Hey, remember that time Rupaul hung out with Nirvana, Courtney, and baby Frances Bean?
Texas is a pro-fetus state, but not a good place to be a child or other non-corporate, non-male, non-white entity.
Texas has one of the highest maternal mortality rates in the United States along with the fourth highest teenage pregnancy rate in the nation and the number of low-birth weight babies and children born bereft of any prenatal care has been rising steadily since the 1990s. Texas infant mortality rate among some groups looks like something out of the 19th century and a child under the age of one dies every three hours.
25% of Texas children live in poverty (10% in “extreme” poverty, <less than 250% of the federal poverty level) and Texas rates 42 in expenditures for education (spending 2.5x more on prison inmates per capita). On average 29% of 2 yr olds are not fully immunized and only 55% of the families eligible for SNAP and other essential assistance receive it and that is not because they are too “proud” to request it. In 2012, 64,937 children were victims of neglect or abuse and Texas has the second highest number of children awaiting adoption while living in foster care the United States.
Texas’s right wing “conservative” politicians might be pro-fetus, but there’s not a shred of evidence to suggest that they’ve ever been pro-life."
Dr. Mari Nicholson-Preuss
aka my badass boss.
4th of July in SF
bagels, bike ride, farmer’s market, protest, dinner at punk rock bar serving lamb burgers with manchego cheese, art gallery party, neighborhood block party … good day in San Francisco
Desire - “Under Your Spell”, from the Drive soundtrack.
the surprise mid-song conversation in this version just kills me a little bit. can everyone just leave me alone forever please, thanks.
Cheers to getting out of bed at 1:00 pm.
Austin just lost a little bit of its soul with the passing of Leslie Cochran. Our semi-official City motto is “Keep Austin Weird,” and Leslie was always at the forefront of true ATX Weirdness as our beloved cross-dressing, semi-homeless icon of pride, panache and protest. He prowled SOCO and 6th Street with better-looking legs than Cyd Charisse, ran for Mayor countless times (and nearly won), battled police brutality and oppression and generally reminded us that we should be kind and tolerant to one another despite our exterior differences. In this town, it was perfectly normal to see Leslie eating lunch with a State Senator while wearing a pink tutu and a thong.
I met Leslie many years ago while riding the bus. We use to sit together each morning and work on the NY Times crossword puzzle. Once, we got stuck on the name of some Russian author, and after some thought we simultaneously hollered “TOLSTOY!” so loud we scared half the people on the bus out of their wits. That became our greeting in the ensuing years. I’d pass him on the street and yell TOLSTOY! out the window - he’d see me at some festival and do the same.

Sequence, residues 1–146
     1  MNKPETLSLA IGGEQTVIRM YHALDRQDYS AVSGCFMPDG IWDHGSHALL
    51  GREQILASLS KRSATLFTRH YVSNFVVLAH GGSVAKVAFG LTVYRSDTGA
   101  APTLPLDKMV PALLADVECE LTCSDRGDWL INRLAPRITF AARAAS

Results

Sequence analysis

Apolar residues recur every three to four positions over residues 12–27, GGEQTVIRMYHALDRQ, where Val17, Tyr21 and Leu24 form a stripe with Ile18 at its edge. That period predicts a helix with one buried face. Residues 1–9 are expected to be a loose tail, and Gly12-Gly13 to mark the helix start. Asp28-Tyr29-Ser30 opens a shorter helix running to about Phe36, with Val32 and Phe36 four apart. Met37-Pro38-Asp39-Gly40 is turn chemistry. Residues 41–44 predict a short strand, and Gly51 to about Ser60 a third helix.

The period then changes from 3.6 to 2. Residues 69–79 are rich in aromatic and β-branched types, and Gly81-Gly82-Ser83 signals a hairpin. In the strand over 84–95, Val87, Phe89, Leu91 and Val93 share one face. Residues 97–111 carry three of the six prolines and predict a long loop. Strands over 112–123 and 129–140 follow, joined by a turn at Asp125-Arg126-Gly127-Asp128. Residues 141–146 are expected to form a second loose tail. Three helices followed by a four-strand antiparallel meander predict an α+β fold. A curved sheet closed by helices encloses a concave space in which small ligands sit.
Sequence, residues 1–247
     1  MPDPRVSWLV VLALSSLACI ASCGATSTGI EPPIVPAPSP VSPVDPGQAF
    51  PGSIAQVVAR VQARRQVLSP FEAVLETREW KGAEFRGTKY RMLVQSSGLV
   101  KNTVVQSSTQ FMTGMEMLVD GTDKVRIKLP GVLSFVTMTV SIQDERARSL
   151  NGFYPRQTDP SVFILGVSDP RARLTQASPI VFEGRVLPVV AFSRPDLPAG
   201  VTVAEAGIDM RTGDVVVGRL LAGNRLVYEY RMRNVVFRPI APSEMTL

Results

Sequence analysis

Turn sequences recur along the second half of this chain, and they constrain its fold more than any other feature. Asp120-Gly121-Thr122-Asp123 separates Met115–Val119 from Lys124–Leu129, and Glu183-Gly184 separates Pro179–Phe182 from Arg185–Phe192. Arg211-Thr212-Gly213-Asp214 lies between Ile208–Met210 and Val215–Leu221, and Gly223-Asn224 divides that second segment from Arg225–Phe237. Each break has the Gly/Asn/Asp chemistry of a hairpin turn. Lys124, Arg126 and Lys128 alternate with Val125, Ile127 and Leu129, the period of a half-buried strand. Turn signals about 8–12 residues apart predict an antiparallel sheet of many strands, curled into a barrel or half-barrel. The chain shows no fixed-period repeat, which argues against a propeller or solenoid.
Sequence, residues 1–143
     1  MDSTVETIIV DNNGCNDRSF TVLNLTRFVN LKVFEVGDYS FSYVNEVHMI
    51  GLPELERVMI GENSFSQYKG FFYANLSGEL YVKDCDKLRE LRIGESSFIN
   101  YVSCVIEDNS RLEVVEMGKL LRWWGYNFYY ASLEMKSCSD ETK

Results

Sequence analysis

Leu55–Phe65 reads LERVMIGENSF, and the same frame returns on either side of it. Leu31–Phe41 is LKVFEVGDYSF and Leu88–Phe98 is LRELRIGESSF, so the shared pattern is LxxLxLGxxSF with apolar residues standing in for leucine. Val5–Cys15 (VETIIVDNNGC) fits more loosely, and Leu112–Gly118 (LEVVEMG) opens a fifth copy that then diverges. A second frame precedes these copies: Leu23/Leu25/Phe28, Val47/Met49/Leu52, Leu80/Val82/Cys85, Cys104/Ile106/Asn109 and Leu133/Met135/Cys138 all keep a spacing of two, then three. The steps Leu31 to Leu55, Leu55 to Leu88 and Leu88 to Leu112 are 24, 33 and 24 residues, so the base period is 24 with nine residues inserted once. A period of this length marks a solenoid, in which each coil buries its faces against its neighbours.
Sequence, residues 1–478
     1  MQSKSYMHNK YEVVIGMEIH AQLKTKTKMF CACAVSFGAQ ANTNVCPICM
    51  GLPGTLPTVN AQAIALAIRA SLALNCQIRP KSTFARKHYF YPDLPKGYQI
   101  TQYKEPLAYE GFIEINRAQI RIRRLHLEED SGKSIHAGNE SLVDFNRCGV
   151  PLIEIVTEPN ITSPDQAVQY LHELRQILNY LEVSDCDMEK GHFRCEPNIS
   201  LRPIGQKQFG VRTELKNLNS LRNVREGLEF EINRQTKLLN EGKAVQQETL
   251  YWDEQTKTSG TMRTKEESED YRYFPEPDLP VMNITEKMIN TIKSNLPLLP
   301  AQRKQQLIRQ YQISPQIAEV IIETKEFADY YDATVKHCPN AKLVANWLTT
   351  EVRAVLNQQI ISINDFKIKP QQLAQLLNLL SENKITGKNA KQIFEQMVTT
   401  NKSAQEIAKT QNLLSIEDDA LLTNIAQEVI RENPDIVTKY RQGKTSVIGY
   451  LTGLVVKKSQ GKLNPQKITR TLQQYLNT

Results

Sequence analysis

In 2009, somebody beat the crap out of Leslie and left him on the side of the road to die. He didn’t - but he never really recovered from the head injuries he sustained and suffered several strokes as a result. Nonetheless, he still made his rounds, posing for pictures, signing autographs, and hawking his private line of dress-up refrigerator magnets. He’s on my freezer door now, dressed in a leopard-print mini, walking an armadillo. This town just won’t be the same without him.
#2 Stanford vs #12 Texas … First time that Stanford has swept Texas, nevertheless, always a nice afternoon with fellow longhorns. #longhorns #Texas
Happy birthday, canned beer! 77 years ago this week, you were born.
Seventy-seven years ago this week, a new product appeared that would forever change the way Americans drank: canned beer. A scant two years after the end of Prohibition, Americans were thirsty. While canned food had been a longtime staple of American sustenance, beer had proven more challenging — the pressure of the fizzy beverage tended to burst tin cans. But after much experimentation and innovation, one can company found a way to package beer, and in doing so, created a classic American beverage.
There is nothing natural or inevitable about what’s considered a “normal” 40-hour work week.
The Case For A 21-Hour Work Week
It would create jobs and stop the unsustainable cycle of rampant consumerism. Sure, it would also require a wholesale reordering of our economy, but that might happen whether we like it or not.
I’m willing to give this a try.
— Retired New York Supreme Court Judge Karen Smith, working as a legal observer after the raids on Zucotti Park this Tuesday, via Paramilitary Policing of Occupy Wall Street: Excessive Use of Force amidst the New Military Urbanism (via seriouslyamerica)